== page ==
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My Moment of Discovery

Photographic guide and former Londolozi ranger James Tyrrell thought he had seen it all. That was until he stepped onto the deck at Angama Mara
Above: Capturing the colours and shapes not often found in South Africa

After more than a decade of living and working in the African bush, the truly ‘wow’ moments are inevitably going to be harder to come by.

Despite retaining the same level of childhood excitement, I have always felt when heading out on a game drive or bush walk over the years, there is just the slightest drop in the impact a sighting would have on me, thanks to a certain amount of repetition (and I hesitate to use that word since nothing in the bush is ever the same).  

Perhaps working in the bush for so long means it’s just harder to pick specific sightings out of the thousands accumulated over the course of my career, just like Kilimanjaro would be tougher to point out if it was part of a mountain range instead of being free-standing. Maybe not the best metaphor, but it’s the closest I can think of.

The first time I saw a leopard hoist a kill is indelibly imprinted on my mind for the rest of my days, but the 25th time is a bit harder to zero in on. It’s not that one becomes jaded — not at all — but more that you have a surplus of experiences to choose from, and many of them start to merge into each other over the years.

Capturing his first sunrise on the road down into the Mara

Having a moment then, at which you know, in the moment itself, that this is going to stay with you forever, becomes a rarity.

Walking onto the Angama Mara deck for the first time was one such moment for me. I can still go back to it in my head and feel the same sense of wonder and awe. I can still picture exactly what the light was doing and how cloud shadows danced over the grassland far below. I can still hear the air rushing over the white-backed vulture’s wings as it soared past, just beneath me.

It’s not often I am at a loss for words, but seeing Africa laid out before me in all its vastness was something that, upon consideration, would have made anything spoken superfluous.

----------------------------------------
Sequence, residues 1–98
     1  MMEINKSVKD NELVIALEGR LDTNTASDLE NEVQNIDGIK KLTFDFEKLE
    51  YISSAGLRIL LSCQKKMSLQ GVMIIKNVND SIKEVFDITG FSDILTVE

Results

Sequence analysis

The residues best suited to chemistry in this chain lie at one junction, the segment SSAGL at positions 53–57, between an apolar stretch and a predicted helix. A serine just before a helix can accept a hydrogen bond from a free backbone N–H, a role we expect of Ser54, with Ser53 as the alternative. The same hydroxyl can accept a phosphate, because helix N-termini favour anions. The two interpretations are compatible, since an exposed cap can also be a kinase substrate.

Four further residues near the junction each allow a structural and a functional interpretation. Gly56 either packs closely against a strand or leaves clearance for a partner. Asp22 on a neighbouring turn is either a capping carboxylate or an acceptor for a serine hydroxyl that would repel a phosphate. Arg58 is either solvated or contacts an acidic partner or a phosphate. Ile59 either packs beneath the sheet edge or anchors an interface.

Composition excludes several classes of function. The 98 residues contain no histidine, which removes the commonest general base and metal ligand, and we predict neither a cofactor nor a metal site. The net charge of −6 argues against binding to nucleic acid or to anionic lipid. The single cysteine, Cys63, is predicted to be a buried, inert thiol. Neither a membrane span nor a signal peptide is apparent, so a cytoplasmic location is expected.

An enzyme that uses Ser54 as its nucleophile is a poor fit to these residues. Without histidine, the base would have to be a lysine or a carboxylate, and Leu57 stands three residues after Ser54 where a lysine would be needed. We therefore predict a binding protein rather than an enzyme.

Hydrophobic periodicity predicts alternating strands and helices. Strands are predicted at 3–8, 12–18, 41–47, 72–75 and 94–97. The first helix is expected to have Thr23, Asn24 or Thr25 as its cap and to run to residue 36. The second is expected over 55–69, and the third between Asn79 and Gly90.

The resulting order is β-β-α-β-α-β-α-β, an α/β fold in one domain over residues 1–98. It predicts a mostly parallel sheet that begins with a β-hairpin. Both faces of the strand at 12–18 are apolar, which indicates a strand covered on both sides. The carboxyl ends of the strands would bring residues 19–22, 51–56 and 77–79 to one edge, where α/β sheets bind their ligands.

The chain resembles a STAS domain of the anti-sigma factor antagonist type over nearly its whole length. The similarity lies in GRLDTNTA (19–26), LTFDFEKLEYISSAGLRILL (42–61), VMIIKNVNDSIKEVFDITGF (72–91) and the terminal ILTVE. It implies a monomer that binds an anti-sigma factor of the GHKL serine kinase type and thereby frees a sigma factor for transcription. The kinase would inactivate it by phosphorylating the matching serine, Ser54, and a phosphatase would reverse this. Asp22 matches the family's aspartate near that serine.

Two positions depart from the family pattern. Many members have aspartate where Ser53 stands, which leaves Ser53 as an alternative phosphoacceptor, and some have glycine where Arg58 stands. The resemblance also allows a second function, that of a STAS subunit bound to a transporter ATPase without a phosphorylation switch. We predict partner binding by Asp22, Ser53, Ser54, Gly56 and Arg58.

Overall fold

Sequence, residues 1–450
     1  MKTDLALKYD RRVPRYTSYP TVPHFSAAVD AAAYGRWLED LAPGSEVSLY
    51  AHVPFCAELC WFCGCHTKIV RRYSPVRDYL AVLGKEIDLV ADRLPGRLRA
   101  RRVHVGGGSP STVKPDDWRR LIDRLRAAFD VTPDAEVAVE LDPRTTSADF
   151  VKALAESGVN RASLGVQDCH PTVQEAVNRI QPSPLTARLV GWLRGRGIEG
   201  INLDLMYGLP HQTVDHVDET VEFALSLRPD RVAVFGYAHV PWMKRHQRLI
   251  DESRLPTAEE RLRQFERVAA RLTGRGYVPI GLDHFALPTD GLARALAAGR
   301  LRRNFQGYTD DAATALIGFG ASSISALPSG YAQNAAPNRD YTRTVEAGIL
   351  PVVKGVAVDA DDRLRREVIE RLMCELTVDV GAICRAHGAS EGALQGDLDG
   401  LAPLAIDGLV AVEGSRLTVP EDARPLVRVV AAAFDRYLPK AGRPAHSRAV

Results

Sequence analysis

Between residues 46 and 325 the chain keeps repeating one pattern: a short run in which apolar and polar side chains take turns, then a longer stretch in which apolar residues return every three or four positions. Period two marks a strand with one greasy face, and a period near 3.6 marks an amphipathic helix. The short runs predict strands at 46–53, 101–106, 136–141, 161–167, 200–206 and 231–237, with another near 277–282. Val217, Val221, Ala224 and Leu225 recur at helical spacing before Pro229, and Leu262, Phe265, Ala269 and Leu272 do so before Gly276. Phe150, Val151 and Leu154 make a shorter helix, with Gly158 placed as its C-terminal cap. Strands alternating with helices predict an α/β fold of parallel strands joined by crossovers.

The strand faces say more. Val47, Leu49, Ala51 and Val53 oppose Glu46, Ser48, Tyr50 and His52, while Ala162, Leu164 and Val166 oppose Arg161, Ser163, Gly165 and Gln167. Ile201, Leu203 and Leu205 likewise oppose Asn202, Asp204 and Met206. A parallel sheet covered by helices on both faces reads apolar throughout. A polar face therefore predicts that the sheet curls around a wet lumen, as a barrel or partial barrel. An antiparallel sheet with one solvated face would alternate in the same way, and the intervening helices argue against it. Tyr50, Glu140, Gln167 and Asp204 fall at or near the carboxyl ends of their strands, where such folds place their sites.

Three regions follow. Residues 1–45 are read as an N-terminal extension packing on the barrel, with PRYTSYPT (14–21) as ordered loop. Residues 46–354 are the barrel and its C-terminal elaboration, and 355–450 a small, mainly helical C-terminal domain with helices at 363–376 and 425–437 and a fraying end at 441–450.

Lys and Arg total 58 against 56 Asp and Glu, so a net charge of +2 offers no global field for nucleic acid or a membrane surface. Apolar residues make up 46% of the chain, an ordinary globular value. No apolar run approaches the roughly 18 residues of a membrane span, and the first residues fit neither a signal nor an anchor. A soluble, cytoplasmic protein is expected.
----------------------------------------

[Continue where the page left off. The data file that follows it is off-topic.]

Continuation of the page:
You never forget your first time

There’s a surrealism to that view that grips you. It’s almost like a live version of the lovechild of Google Earth and the best nature documentary you’ve ever seen. When elephants look like ants, the teeming herds of wildebeest resemble a moving carpet and you can make out every little twist and turn in the Mara River in the distance, you know you are somewhere special.

The vast plains of the Mara Triangle as seen from the deck

What we refer to as ‘moments of discovery’ are one of the first things you learn about when training as a guide. They come in a multitude of forms, from the first time a guest exits their plane to the first time they enter their room, to their first encounter with a lion. Hundreds of little moments — some more noticeably impactful than others ­— that aggregate over the course of a safari to create an intangible experiential synergy.
 
Each one is an opportunity for a guest to reconfirm to themselves — whether consciously or subconsciously — that this, right here, right now, is where they ought to be.

The top guides, lodges and companies in the safari industry — and other industries as well — recognise these moments of discovery as being instrumental in making guests or customers want to return time and time again.

What is a trip to the Mara without seeing its lions face-to-face?

One rare occasion, one single moment of discovery is all it takes for a guest to say to themselves, “I could go home right now, and I’d be happy”. More often than not these are the wildlife sightings normally associated with National Geographic; a leopard hoisting a kill, a wild crossing during the Great Migration or a pride of lions taking down a buffalo bull in the rain.

Sometimes though, they are something else, and for me, it was walking out onto the Angama Mara deck. When such a moment occurs before a guest has even gone on safari, you’re onto a pretty good thing. The view breathes life into your soul and captures your imagination.
 
A safari lodge that can do that is one that’s always going to occupy a special place in its guests’ hearts — and mine as well.

Filed under: Inside Angama

Tagged with:

Angama Mara , Maasai Mara , Wildlife Photography

About: James Tyrrell

After pursuing an Honours degree in Zoology, James worked as a guide at the inimitable Londolozi Game Reserve in Sabi Sands, South Africa for over a decade. Known for his storytelling in photo and video, James recently began working as a private photographic guide across Africa. You can follow him on Instagram @jamotyrrell.

Browse all articles by James Tyrrell Meet the angama team

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Noor

20 January 2022

Very nice

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